Backing up USB devices in a HIPAA environment

Thomas Zucker-ScharffSolution Guide
Veteran in computer systems, malware removal and ransomware topics.  I have been working in the field since 1985.
Edited by: Andrew Leniart
There are few things more disastrous than losing a device that has not been backed up (except losing an unencrypted device that has not been backed up).  Here is how I resolved the problem of backing up USB devices in a HIPAA environment.

Let me begin by saying that this is not in any way a technical article - so if you are new to this forum or to backup in general, read on.  If you are having trouble backing up in your HIPAA compliant environment, feel free to continue.  Just don't expect to be technically enlightened by the text to follow.

I have previously published more than a few articles on why everyone should back up their devices and check those backups by doing test restores (a backup that cannot be restored is of no use at all).  In the first article, of many articles about backups, I wrote about a basic backup and the various reasons for it, along with links to various pieces of software.  I also created many mini-tutorials and a small course on backups (still unpublished).

I have had a problem though in backing up my own USB thumb drive.  The problem mainly stems from the fact that I work in an environment that needs to be HIPAA compliant.  By-and-large this does not present a problem, but our security team has set it so that every file, when it is copied to or from a USB device, is scanned for PII and PHI.  This is good, in general, but if I am trying to replicate/backup a large device with a lot of small files on it (whether they are encrypted or not), the slow-down that the scanning creates can make a 1-hour job take more than a week!

I constantly worried about this, because I was worried that I did not have a backup of my USB thumb drive (a 512gb PNY device).  Then one day it happened, my USB disappeared.  It was almost as bad as losing one's phone.  I literally looked everywhere for it.  After a few days, I gave up and started recreating everything on it using a 9-month-old backup.  I was in the process of doing this when I found it (hurray!).  It was then that my wife came up with the idea to use one of the many computers I have in my office as a dedicated offline backup device (my words - hers were more like "Why don't you use one of the computers you have in your office to back stuff up and just not connect it to the internet?").  That is what I now do.  I use a laptop I have disconnected from Wi-Fi (the wifi -for whatever reason - doesn't even work on this one) and the rest of the "wired" network.  I just plug two identical USB devices into and sync them.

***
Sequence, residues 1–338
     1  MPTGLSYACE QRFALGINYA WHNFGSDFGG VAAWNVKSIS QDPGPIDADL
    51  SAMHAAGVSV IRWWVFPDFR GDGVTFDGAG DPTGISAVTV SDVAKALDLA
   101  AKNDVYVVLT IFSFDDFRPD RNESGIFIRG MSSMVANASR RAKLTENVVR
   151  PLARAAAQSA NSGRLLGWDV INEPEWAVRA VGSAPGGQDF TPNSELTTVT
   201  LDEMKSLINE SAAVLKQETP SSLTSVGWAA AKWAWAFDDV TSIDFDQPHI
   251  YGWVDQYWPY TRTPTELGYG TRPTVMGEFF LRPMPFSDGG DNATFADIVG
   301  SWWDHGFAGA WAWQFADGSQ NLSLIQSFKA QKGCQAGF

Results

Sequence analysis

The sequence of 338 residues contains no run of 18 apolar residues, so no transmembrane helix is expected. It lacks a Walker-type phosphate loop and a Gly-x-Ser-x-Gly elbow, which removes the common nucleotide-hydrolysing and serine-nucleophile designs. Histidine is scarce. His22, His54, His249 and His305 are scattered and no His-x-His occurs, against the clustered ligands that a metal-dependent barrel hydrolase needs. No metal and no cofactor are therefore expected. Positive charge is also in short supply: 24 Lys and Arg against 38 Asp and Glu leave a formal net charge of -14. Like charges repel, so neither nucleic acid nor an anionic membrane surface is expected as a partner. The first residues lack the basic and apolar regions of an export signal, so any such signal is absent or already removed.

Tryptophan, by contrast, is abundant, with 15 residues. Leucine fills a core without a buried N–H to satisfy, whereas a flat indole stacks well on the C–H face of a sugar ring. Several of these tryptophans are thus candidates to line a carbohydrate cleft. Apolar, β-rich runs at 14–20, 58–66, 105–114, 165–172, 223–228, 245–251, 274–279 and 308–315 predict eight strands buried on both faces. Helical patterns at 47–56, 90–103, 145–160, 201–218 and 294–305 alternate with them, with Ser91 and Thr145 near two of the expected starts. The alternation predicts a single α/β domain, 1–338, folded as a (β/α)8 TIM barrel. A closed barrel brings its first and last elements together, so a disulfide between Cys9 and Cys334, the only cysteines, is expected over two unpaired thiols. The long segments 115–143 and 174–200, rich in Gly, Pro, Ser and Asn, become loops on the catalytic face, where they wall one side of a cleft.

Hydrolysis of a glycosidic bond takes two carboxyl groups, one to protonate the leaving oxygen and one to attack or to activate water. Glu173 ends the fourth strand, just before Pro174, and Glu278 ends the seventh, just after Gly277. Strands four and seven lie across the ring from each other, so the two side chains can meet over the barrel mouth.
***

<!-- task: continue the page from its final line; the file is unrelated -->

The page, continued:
This is, by far, not the best situation or setup.  As a friend of mine always said, "Any files you do not have backed up in at least two [other] places are files you do not care about."  Notice the word other, that means three copies of every file in question.  I actually prefer more copies (I auto-upload all photos I take on my cell phone to Amazon Photos, Flickr, and Dropbox, this does not include the backup of my phone to the Druva inSync servers.

The take-away:
Backup everything!  If you are unable to back up for any reason, there is probably a workaround.

I hope you found this article useful. You are encouraged to ask questions, report any bugs or make any other comments about it below.

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Thomas Zucker-ScharffSolution Guide
Veteran in computer systems, malware removal and ransomware topics.  I have been working in the field since 1985.

Comments (1)

Andrew LeniartBlogger, Journalist, IT Professional, Technical Writer, Qualified Editor
Author of the Year 2019
Distinguished Expert 2020

Good tip about backing up to multiple locations. I do this myself to my online Acronis Backup Storage space, Google Drive and other cloud drive sources I have with no effort required on my part. Simple, effective and safe.


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